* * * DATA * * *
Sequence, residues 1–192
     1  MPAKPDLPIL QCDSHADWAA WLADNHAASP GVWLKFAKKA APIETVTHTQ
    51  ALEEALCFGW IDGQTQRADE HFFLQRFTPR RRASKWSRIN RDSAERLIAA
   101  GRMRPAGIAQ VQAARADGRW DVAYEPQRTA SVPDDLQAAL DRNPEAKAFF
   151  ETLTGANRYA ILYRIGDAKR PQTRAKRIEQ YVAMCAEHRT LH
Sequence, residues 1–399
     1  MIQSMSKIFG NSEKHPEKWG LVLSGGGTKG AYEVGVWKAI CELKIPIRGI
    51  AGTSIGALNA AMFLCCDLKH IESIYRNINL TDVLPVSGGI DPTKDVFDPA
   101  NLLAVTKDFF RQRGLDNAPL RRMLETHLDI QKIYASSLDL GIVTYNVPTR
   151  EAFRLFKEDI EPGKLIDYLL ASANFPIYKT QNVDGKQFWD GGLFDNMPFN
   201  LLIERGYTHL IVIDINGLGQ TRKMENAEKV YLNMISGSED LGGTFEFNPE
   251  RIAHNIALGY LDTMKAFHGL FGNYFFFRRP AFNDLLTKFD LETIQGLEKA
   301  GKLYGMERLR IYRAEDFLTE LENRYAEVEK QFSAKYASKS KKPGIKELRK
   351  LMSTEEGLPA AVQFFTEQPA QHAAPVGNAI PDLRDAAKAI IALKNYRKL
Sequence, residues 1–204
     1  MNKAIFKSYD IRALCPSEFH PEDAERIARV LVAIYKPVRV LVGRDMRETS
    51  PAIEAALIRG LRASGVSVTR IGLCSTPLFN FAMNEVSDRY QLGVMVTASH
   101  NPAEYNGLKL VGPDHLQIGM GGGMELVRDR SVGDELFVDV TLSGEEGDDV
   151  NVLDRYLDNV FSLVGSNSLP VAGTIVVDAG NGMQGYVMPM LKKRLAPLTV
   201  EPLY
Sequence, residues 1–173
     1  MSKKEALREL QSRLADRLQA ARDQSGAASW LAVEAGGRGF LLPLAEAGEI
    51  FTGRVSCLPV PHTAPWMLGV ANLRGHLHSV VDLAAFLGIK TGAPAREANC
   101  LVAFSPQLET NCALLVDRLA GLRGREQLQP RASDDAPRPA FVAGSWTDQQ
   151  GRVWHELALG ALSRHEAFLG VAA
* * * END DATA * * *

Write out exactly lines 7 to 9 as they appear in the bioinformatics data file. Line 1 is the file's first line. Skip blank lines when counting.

     1  MIQSMSKIFG NSEKHPEKWG LVLSGGGTKG AYEVGVWKAI CELKIPIRGI
    51  AGTSIGALNA AMFLCCDLKH IESIYRNINL TDVLPVSGGI DPTKDVFDPA
   101  NLLAVTKDFF RQRGLDNAPL RRMLETHLDI QKIYASSLDL GIVTYNVPTR